I’ve been in quite the mood today. So let me get a few things off my chest.
Watching Pittsburgh play last night was agonizing and heartbreakingly frustrating. I’m sad their playoff run ended so soon — but I couldn’t have watched that team struggle through another game. It was painful. I will miss the veterans on defense whom I am assuming will not be re-signed next year (Kiesel, Harrison, Taylor … dare I say Polamalu?) I will not miss watching the defense struggle when the Steeler’s defense shouldn’t struggle. Ever.
Next up: Whenever I begin watching one of “The Hobbit” movies all.I.want.to.watch is “Lord of the Rings.” I’m sure I’ll get over that one day and really crave returning to Bilbo’s adventure with the dwarves. But right now — I just really need a little Frodo and Sam — with some Strider and Legolas thrown in. Essentially the entire feeling of “The Fellowship of the Ring” — none of which “The Hobbit” films have.
Let’s take a little trip down memory lane …. Hopefully it clears up some of my love for the LoTR films.
In early 2002 I’d just returned from studying abroad in Italy. I’d wanted to stay another semester but circumstances (and finances) prevented it so I found myself back in State College, half-way moved into a room my brother sublet for me in a sorority house (sidenote: I am not, nor have I ever been, in a sorority). My parents had driven the two of us back to school on a cold January afternoon and nearly instantly headed home — for fear of getting stranded by the impending snowstorm.
The snow hit, and I unenthusiastically tried to put my room together. I was sad, and scared and not at all happy to be back at school. I felt alone. Really, fully, in my bones, alone. So — after meeting the girls who would be my housemates for a semester (one of whom is still my great friend, so it all ended up working out!) I decided to go for a walk. I bundled up (it was cold cold cold) and shuffled around State College (where the sidewalks weren’t all shoveled yet and no one was really out and about). After some walking and far too much introspective thinking, I found myself outside the movie theater and decided to see if anything was playing. I’d seen Ocean’s 11 that break and had really loved it — I thought watching that again was vastly preferable to returning to my new ‘home.’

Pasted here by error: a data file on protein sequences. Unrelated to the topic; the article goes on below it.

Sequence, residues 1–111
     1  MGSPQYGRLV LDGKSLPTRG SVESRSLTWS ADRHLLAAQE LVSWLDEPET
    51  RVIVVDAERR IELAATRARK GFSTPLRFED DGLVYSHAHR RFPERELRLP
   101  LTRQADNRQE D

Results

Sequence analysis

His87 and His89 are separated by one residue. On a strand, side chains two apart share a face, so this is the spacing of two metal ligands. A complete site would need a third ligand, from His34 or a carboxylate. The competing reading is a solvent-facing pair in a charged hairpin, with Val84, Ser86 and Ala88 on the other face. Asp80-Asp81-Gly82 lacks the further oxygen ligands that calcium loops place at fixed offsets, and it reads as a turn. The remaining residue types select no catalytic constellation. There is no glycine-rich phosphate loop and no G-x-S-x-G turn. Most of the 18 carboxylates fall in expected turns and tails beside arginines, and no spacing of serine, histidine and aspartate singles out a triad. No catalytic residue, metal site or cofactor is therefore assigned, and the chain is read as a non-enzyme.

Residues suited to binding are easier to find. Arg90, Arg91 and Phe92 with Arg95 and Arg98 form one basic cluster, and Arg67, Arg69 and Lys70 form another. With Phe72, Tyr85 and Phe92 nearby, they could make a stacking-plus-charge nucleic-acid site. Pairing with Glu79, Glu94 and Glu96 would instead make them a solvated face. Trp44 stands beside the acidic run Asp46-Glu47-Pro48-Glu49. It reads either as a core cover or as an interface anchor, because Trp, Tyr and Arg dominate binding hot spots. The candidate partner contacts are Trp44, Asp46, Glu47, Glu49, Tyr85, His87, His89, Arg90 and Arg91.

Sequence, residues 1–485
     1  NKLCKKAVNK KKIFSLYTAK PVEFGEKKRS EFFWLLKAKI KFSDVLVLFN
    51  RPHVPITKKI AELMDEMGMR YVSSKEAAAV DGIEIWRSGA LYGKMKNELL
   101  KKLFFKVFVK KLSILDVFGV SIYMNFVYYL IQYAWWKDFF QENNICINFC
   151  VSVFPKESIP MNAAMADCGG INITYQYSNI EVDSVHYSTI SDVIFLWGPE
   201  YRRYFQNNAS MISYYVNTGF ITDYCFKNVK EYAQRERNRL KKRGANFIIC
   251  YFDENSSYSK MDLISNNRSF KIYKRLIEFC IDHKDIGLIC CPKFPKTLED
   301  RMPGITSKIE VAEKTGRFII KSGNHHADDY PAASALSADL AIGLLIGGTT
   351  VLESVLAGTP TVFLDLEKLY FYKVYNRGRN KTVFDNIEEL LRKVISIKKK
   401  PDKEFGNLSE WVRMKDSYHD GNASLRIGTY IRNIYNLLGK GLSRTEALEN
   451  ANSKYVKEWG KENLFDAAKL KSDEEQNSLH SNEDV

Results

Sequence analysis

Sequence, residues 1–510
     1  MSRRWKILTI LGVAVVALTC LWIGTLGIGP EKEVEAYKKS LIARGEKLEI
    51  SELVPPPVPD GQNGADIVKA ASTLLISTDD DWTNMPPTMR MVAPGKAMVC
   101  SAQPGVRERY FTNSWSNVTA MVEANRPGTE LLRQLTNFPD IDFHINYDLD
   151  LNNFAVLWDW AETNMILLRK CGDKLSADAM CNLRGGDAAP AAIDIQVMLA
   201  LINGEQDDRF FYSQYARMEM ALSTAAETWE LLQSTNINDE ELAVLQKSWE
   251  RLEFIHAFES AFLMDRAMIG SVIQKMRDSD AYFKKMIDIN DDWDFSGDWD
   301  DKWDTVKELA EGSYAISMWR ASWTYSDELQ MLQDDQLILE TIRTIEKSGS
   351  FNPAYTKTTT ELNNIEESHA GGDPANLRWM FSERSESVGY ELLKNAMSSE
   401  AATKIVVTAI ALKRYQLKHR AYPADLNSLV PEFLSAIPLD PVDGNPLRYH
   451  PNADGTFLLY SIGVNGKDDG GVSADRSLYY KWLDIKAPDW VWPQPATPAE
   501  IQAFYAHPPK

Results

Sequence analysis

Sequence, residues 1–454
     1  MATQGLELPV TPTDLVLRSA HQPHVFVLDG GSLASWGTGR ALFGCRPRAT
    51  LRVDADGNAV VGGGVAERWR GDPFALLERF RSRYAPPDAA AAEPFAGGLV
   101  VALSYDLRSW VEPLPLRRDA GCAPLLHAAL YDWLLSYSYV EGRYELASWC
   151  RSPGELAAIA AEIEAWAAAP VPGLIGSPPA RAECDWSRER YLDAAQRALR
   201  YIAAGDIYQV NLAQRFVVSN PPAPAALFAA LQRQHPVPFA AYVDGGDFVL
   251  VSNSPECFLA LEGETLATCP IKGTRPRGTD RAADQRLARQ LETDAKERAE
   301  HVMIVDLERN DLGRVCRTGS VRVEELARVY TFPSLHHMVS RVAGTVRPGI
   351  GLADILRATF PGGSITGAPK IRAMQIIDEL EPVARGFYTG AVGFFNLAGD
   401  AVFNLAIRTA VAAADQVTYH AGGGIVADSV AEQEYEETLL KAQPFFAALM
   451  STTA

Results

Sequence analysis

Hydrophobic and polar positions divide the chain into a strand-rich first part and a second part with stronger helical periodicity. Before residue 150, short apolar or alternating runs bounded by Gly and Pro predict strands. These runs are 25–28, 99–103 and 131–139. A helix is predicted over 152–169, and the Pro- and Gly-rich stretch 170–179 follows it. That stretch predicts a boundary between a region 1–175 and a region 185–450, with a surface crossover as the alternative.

Ocean’s 11 had begun half an hour earlier, and wasn’t playing again for quite some time. In fact, everything in the theatre had start times in over an hour, except The Fellowship of the Ring. I had absolutely zero desire to see JRR Tolkien’s epic. As in — none. I’d read The Hobbit during middle school and enjoyed it. But I had failed to be even slightly intrigued by the density of The Lord of the Rings. (That’s the nicest way I can think to describe trying to read Tolkien).
But I also REALLY didn’t want to go back to the sorority house. So I paid for a ticket, and after taking off several layers of snowy clothing and buying some popcorn and a soda, I settled into the last row of what was perhaps the smallest movie theatre I’d ever been in. The previews had already begun (I remember thinking forlornly that I’d missed the best part) and I watched and waited for the film to start.
And — not to be overly dramatic — it completely swept me away. And continues to do so to this day.
That movie, on that day, at that time — something about it was so magical, so transporting — that all the sadness and loneliness of being back at Penn State seemed to melt away into the background. And strangely — it was also a turning point. My college experience began to change then — school seemed less dismal, and I made new friends — friends to go drink margaritas with at Mad Mex, friends who came to see me in A Midsummer Night’s Dream, friends who brought me to cross training classes at local gyms … and so many other things! — sometime I’ll have to revisit the day Minda and I drank White Merlot and watched an entire season of Buffy while the fraternity next door did mud slides on their front lawn. The next year I became a total theatre school nerd, did lots of shows (both on stage and on crew) and made more friends who are still in my life today.
I know it probably sounds hokey, but there’s a part of me that feels as though that movie saved my life. Certainly changed my life. And maybe it did, maybe it didn’t. But it feels like it did to me. So a lot of times, when things feel a little overwhelming, all I want is to drift away into Middle Earth and forget my woes.
As I’ve written this, I’ve sort of marveled at how strongly things have marked time in my life. I can remember so many clear details of opening the door to the movie theater in downtown State College (that no longer exists) and being overwhelmingly disappointed that not a single other movie was available for me to see. And I also remember walking home in the blustering wind, still halfway in Middle Earth — plotting to buy the books (which I did) and read them from cover to cover (which I did not). Totally transported to a place of imagination and wonder. I saw the movie another two times in the theatre, and the subsequent sequels on opening night (Return of the King —midnight showing with my roommate at the time — nearly killed me! I was so tired by the end and I swear — the sun was coming up when we left the theatre!).
So I stared this post with a completely different intention. But I enjoyed walking down memory lane. I am glad of the significance this film has played in my life (just ask the man — we both completely love it). I’m glad I remembered the story of how I found it. It’s been a crazy trip down memory lane. Insane to think it was 12 years ago. Time is an amazing thing.